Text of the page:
Jewish Calendar - Tishrei - Shemini Azeret and Simhat Torah

Shemini Azeret and Simhat Torah

Simhat Torah (Rejoicing in the Law), observed immediately at the conclusion of Sukkot, celebrates the completion of the annual cycle of reading from the Torah and the beginning of the new cycle. Simhat Torah is different from other Jewish festivals in that the synagogue is the focal point rather than the home.

Simhat Torah is an outstanding example of a comparatively late custom that became so entrenched in Jewish life as to be considered a major celebration. It is not mentioned at all in the Talmud. During the Babylonian exile, the custom of completing the synagogal cycle of the Pentateuch reading in one year gained prominence (over the Palestinian custom of completing the reading of the Pentateuch in three years.) In the 14th century, Yaakov ben Asher codified the custom of recommencing the reading of the Torah on Simhat Torah immediately after its completion.

The eighth day from the beginning of Sukkot is called Shemini Azeret (Eighth Day of Assembly). In Israel, Shemini Azeret coincides with the Simhat Torah (Rejoicing of the Law) celebration, while outside Israel, the two holidays are celebrated on consecutive days - Shemini Azeret on the 8th and Simhat Torah on the 9th day.

In the synagogue

"On the eighth day shall be a holy convocation for you... It is a day of solemn assembly." (Leviticus 23:26 ) 

On Shemini Azeret, the Yizkor memorial prayers are recited for the departed. Special prayers for rain (Tefillat Geshem) are recited in the synagogue, as this is the beginning of the rainy season in Israel, where crops depend heavily on abundant rainfall. In many synagogues the cantor wears a white robe (kittel) while chanting the prayers for rain.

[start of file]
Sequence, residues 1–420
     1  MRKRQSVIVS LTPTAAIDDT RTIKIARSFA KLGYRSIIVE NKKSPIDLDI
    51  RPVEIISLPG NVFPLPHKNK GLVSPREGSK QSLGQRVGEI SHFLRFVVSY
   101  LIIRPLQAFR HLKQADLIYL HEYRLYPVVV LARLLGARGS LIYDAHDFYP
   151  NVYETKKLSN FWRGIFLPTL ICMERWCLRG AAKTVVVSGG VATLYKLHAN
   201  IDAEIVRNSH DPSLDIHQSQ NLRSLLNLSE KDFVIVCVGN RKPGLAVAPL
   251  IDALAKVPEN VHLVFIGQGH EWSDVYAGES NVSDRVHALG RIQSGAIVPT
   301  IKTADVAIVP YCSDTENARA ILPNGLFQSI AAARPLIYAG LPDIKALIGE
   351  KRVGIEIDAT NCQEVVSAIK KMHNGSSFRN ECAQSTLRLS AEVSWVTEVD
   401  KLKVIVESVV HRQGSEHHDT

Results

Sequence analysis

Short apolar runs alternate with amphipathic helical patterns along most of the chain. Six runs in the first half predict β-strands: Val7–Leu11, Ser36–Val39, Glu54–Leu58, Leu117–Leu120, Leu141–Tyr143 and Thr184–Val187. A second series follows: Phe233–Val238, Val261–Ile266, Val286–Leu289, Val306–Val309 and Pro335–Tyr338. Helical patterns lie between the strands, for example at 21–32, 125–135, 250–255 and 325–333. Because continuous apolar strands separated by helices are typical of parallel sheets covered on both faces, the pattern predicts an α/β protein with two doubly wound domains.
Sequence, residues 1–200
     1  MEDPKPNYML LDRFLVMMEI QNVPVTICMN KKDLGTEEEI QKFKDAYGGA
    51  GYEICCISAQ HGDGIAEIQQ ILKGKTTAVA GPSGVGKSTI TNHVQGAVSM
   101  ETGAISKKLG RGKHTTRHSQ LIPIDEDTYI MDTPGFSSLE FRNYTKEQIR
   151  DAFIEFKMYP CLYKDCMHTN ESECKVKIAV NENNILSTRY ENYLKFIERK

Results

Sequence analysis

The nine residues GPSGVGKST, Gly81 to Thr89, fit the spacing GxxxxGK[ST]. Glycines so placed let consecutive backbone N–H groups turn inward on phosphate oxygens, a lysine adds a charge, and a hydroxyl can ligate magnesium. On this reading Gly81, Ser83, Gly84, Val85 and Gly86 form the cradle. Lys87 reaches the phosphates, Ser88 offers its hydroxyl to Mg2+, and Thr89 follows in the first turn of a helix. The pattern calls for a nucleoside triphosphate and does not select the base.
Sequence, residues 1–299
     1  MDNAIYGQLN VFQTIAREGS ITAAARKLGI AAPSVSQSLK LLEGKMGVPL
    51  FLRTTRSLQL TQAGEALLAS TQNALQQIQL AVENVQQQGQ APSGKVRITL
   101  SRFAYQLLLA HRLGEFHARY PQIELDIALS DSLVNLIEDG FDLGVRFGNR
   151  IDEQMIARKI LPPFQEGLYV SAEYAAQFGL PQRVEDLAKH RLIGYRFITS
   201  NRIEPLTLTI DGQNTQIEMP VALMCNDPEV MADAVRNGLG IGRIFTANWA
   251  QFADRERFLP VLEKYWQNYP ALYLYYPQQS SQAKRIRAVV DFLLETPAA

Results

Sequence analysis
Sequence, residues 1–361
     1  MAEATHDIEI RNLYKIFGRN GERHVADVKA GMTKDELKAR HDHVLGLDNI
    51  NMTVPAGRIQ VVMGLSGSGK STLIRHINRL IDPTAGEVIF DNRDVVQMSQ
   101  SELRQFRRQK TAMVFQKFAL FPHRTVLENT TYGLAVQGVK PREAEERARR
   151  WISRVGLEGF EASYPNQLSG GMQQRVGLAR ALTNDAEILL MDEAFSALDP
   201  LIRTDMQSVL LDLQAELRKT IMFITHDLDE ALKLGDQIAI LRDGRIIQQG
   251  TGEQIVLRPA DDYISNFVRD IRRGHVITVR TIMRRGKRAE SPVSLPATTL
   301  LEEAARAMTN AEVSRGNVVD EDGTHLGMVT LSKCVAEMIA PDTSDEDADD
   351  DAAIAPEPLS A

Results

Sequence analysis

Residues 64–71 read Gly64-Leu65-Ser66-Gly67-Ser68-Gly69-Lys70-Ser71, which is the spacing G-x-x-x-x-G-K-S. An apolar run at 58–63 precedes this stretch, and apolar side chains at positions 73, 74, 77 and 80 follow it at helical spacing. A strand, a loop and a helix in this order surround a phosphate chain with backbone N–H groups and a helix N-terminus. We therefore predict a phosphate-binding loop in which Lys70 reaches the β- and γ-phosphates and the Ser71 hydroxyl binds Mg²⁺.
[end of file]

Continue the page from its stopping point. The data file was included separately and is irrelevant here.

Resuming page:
On Simhat Torah it is customary to take all the Torah scrolls out of the ark and carry them in procession around the synagogue seven times. The congregation participates in these hakkafot (circlings) with singing and dancing, and the children carry decorated flags. The last verses from the Book of Deuteronomy are read, completing the yearly Torah reading cycle, and the first verses of the Book of Genesis are read, beginning the cycle once again. Adult members of the congregation are called to recite the blessing over the Torah. A moving moment during the celebration is when the children are collectively called up to the Torah to recite the blessings, while standing under a large tallit (prayer shawl).

The custom of appointing a Hatan Torah (Torah bridegroom) and Hatan Bereishit (Genesis bridegroom) has become prevalent in many synagogues. The former is given the honor of being called up for the concluding portion of the Pentateuch (the end of Deuteronomy) and the latter for the beginning portion (Bereishit or Genesis). In non-Orthodox synagogues women are given this honor as well, and are referred to as Kallat Torah (Torah bride) and Kallat Bereishit (Genesis bride).

The hakkafot and accompanying celebrations are performed at both the evening and following morning services; Simhat Torah is the only festival on which the Torah is read in the evening as well as in the morning.

In Israel, it has become customary to have further hakkafot on the evening following Simhat Torah, often held outdoors with musical accompaniment. In the former Soviet Union, beginning in the 1960s, Jews expressed their Jewish identity by gathering together at synagogues at Simhat Torah, and singing and dancing.

At home

Two candles are lit to usher in both Shemini Azeret and Simhat Torah, and the festival blessing is recited. A candle in memory of the departed is lit as well. The festival blessing over the wine (Kiddush) and over the bread (Ha-motzi) is recited .

hemini Azeret and Simhat Torah conclude the holiday period that begins with the solemnity of the High Holidays (known in Hebrew as Yamim Noraim, the "Days of Awe") on a note of rejoicing.

Barukh atah Adonai eloheinu melekh ha'olam, asher kid-shanu be'mizvotav ve'zivanu le-hadlik ner shel Yom Tov (when the festival falls on Shabbat, the concluding words are "ner shel Shabbat v'Yom Tov").

(Praised are You, Sovereign of the Universe, who has sanctified us with Your mitzvot and has commanded us to kindle light for the festival.)



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